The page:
The bracket components, including the side brackets 42, 44 and the top bracket 46, are preferably constructed of a sheet metal material. Preferably, the brackets are made entirely from AMS5599, Inconel 625 (nickel-alloy). This material is well suited for the present invention, because of its relative stiffness while simultaneously having a high plasticity and good fatigue properties. It should be understood that other materials and combinations thereof may be utilized to construct the brackets of the mount system of the present invention.

Referring to FIG. 5, the auxiliary component 32 is here mounted to the engine casing 22 such that the auxiliary component axis A (extending into the page) is transverse to the engine longitudinal axis 20 of the engine casing 22. It should be understood that various mounting arrangements are possible for the auxiliary components, and may depend on design specific parameters. The side brackets 42, 44 are aligned generally along the engine longitudinal axis 20 of the engine casing 22 and on each side of the auxiliary component axis A.

Each side bracket 42, 44 defines a first mount segment 50 and a second mount segment 52. The first and second mount segments 50, 52 are planar members which are generally parallel to one another. The first mount segment 50 attaches to the auxiliary component 32 and the second mount segment 52 attaches to the engine casing 22. Preferably, the mount segments 50, 52 are fastened to the auxiliary component 32 and the engine casing 22, respectively through a plurality of apertures formed in the mount segments 50, 52 (also illustrated in FIG. 6).

The side brackets 42, 44 are manufactured of three layers, although it should be understood that any number of layers may be used to form the mount segments 50, 52. The layers are preferably riveted together at rivets R (FIG. 6) to maintain the structural integrity of the mount segments 50, 52; however, other attachments including welding may also be utilized to sandwich the layers of the brackets 42, 44. The mount segments 50, 52 may include weight reducing openings 53 to still further reduce the overall weight of the side brackets 42, 44. The construction of the side brackets 42, 44 preferably requires no welding, brazing or the like. The side brackets 42, 44 are assembled from three pieces of sheet metal. Separation of the individual segments of the side brackets 42, 44 as hereinabove described is for purposes of description only.

Each side bracket 42, 44 includes a deformable member 60 sandwiched between a first and a second retainer member 62, 64. The deformable member 60 defines a planar segment 74 which extends transversely to the mount segments 50, 52. The deformable member 60 is sandwiched between a first retainer member 62 and a second retainer member 64. The retainer members 62 and 64 include at least partially non-planar segments 72 between the mount segments 50, 52. The non-planar segments 72 flank but are separated from the planar segment 74 of the deformable member 60 between the planar mount segments 50, 52. That is, the retainer members 62, 64 sandwich the deformable member 60 therebetween to provide a laminated side bracket 42, 44 design.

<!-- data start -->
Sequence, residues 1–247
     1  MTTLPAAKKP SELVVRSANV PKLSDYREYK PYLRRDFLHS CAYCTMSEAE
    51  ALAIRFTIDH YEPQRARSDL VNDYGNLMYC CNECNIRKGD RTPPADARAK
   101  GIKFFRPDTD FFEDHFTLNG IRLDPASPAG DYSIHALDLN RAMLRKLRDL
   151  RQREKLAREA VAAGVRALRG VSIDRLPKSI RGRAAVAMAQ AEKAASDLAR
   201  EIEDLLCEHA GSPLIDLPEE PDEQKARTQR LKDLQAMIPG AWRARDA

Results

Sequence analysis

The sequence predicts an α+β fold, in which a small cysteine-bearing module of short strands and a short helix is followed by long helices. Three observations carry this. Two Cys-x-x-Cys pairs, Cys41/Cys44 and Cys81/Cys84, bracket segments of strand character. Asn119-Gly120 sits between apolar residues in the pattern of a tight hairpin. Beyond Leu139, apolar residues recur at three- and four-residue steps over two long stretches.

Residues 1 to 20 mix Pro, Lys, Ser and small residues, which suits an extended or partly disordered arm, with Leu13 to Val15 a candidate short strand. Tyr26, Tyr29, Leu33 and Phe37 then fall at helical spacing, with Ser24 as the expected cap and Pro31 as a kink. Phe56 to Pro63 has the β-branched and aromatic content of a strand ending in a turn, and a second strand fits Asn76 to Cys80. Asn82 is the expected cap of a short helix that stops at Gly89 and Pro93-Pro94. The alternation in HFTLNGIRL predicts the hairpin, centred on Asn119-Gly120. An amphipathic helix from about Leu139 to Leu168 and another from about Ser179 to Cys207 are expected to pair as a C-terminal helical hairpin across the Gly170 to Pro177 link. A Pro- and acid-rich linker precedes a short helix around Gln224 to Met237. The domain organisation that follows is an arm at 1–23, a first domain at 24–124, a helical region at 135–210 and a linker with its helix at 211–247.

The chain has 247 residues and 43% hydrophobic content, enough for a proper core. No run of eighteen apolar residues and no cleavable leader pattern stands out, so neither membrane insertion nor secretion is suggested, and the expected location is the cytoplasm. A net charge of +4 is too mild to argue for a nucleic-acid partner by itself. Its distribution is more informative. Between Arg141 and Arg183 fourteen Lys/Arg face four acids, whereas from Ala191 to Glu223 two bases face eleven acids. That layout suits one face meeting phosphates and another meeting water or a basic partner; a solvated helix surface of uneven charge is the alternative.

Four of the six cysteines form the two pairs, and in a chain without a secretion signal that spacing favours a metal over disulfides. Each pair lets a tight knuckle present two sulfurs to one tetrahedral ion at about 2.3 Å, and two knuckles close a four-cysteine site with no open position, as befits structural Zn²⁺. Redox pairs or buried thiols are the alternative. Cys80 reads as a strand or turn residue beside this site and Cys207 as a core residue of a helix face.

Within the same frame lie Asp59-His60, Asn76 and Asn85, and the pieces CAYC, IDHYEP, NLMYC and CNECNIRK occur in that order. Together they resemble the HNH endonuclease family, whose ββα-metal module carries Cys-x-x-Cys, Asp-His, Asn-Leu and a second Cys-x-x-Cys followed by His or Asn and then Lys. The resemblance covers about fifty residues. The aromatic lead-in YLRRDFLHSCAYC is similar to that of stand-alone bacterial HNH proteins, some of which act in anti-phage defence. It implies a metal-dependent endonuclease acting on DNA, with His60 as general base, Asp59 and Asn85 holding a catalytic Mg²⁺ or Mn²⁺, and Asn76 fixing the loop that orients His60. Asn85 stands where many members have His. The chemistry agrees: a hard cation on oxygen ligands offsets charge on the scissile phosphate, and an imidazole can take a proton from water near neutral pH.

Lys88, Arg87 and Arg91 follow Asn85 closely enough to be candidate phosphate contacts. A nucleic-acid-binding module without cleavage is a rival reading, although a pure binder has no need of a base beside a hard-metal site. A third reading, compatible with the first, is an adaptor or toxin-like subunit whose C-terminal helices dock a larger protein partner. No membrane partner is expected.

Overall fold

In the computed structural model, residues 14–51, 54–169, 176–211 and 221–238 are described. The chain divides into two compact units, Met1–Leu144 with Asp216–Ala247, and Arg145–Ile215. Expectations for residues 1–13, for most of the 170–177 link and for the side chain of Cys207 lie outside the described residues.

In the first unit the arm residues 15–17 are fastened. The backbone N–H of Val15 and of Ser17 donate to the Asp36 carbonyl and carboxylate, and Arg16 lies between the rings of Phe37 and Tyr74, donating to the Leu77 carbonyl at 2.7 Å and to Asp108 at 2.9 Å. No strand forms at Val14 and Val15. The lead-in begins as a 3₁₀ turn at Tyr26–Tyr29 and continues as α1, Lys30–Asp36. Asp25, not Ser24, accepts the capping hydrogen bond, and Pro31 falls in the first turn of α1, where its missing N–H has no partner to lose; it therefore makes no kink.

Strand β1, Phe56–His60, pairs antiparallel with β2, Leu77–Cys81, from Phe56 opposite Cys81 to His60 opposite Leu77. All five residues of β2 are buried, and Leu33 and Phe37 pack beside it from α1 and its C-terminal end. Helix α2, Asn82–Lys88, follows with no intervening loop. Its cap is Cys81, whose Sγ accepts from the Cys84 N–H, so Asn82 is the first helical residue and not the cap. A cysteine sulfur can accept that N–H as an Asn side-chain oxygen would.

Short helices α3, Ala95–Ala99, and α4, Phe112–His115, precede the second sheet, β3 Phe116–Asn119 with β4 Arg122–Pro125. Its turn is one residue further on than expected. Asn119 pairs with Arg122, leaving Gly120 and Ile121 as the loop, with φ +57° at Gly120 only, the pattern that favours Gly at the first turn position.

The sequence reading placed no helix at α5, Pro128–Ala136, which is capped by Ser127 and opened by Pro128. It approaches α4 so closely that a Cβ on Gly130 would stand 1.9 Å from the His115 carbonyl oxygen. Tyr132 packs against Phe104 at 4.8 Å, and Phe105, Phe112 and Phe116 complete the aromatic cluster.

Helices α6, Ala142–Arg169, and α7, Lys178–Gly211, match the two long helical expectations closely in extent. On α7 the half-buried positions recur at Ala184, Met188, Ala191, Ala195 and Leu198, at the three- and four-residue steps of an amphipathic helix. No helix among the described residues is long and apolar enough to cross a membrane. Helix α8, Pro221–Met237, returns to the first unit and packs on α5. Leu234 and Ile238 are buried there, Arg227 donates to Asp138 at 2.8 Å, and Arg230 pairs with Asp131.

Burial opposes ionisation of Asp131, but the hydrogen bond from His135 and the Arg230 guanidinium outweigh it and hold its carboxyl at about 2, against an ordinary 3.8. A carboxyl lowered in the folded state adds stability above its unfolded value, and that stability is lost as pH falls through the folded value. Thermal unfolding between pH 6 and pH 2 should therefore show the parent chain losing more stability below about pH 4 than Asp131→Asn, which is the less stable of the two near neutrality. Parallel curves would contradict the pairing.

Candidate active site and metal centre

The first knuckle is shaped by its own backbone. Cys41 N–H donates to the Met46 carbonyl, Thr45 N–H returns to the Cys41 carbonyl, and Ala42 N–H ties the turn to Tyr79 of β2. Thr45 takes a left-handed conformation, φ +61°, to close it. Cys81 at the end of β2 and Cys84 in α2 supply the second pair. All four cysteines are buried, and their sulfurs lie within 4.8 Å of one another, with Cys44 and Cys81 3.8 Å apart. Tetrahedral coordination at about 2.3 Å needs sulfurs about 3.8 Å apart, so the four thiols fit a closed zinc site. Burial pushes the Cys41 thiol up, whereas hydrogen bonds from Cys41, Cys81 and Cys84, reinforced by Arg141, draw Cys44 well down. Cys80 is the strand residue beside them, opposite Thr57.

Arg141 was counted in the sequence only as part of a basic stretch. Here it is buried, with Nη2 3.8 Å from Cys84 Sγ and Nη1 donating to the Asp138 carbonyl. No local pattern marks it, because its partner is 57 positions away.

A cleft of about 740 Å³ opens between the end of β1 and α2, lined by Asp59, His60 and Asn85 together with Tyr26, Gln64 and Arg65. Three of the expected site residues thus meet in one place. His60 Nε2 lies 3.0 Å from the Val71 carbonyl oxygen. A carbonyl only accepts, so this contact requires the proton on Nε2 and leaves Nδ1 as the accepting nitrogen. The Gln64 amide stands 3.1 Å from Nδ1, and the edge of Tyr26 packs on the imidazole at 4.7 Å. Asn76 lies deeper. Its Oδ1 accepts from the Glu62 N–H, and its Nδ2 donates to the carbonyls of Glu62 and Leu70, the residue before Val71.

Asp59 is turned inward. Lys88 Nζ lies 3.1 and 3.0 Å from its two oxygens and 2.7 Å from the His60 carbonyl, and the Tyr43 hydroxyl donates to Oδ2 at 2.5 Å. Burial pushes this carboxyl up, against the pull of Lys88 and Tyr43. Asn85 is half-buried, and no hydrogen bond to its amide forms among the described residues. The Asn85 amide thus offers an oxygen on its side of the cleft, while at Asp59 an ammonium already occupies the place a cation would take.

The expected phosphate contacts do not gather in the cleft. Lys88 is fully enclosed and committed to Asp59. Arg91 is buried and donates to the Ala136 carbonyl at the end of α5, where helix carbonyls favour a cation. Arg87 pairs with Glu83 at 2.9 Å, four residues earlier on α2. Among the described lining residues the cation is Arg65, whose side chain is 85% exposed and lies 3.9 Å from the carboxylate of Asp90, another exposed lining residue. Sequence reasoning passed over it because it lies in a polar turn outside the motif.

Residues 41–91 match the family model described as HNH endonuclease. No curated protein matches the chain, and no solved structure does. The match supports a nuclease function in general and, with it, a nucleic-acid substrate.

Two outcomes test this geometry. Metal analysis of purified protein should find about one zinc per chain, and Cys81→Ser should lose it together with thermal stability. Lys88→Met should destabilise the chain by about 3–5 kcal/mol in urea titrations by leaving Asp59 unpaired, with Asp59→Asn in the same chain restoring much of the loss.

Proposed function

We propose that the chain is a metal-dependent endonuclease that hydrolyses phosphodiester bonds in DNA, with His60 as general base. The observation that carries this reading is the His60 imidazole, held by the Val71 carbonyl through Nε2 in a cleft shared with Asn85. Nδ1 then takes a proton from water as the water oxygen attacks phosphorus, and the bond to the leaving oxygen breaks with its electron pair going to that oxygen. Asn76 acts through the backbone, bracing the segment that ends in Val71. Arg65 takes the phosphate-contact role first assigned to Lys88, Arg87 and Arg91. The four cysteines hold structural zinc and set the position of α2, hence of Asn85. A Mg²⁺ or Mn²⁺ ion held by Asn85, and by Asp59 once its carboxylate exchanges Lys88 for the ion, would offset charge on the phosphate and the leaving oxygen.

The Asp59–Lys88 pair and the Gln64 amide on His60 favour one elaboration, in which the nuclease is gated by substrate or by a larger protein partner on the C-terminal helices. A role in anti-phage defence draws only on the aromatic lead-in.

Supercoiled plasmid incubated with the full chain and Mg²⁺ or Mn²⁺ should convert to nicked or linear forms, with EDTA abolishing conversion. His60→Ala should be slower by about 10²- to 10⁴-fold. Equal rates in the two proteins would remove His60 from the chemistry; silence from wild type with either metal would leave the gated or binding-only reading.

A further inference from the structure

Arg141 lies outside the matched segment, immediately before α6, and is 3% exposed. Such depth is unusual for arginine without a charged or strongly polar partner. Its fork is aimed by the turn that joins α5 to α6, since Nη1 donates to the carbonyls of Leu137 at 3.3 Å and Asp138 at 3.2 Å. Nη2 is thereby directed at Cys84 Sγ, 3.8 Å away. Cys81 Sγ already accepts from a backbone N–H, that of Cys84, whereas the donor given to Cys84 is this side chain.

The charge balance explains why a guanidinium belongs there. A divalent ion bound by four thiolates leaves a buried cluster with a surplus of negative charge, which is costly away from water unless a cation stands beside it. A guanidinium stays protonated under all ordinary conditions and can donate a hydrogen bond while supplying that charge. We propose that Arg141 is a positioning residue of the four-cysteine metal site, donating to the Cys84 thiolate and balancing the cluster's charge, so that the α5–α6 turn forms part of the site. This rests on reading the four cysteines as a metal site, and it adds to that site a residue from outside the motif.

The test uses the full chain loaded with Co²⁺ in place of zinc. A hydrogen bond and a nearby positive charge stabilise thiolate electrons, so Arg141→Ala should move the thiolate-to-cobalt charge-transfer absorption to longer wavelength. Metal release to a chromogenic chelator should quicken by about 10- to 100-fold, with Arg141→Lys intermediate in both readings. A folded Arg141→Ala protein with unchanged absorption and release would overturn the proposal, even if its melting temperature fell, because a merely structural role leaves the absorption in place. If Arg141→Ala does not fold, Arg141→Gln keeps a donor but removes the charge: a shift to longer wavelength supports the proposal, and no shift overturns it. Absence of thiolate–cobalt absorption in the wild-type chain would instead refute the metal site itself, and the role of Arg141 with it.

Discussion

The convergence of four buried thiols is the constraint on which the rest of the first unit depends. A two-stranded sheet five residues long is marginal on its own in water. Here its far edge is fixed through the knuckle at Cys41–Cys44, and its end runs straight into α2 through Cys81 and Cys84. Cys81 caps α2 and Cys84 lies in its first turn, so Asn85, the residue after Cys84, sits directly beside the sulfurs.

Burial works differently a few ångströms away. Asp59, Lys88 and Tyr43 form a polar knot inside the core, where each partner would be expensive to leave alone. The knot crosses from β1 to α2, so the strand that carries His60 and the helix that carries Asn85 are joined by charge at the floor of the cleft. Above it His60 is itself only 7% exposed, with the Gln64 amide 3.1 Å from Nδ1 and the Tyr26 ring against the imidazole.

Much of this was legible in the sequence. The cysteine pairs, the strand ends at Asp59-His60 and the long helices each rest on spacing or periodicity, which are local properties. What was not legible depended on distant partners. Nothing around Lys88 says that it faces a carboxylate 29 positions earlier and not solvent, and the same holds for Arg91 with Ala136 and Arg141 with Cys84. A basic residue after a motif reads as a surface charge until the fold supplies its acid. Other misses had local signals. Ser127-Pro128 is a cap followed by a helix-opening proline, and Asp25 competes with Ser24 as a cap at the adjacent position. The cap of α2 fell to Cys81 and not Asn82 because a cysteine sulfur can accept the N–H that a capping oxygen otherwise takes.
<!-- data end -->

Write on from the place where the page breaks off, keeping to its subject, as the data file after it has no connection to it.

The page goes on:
The planar segment 74 of the deformable member 60 defines a series of openings 70 generally transverse to the mount segments 50, 52. The size and quantity of the openings 70 is determined by application specific parameters including the shear strength and the load strength of the material used to fabricate the deformable member 60 and the magnitude of the shock loads expected to be experienced by the deformable member 60. It should be understood that the deformable member 60 may be designed with a single opening or without any openings 70 by utilizing a more brittle material as a substitute for the nickel-alloy sheet metal material preferably used to fabricate the deformable member 60. In one example, titanium is substituted as the material for the deformable member 60. The deformable member 60 is designed to reach ultimate strain at a predetermined load that is expected to be experienced during a particular high shock load such as during a fan-blade out event.

The first retainer member 62 and the second retainer member 64 are disposed on each side of the deformable member 60 to sandwich the deformable member 60 therebetween. The retainer members 62, 64 each include the non-planar segment 72 adjacent the planar segment 74 of the deformable member 60. Preferably, the non-planar segments 72 are pre-formed sections that to include an arcuate bend.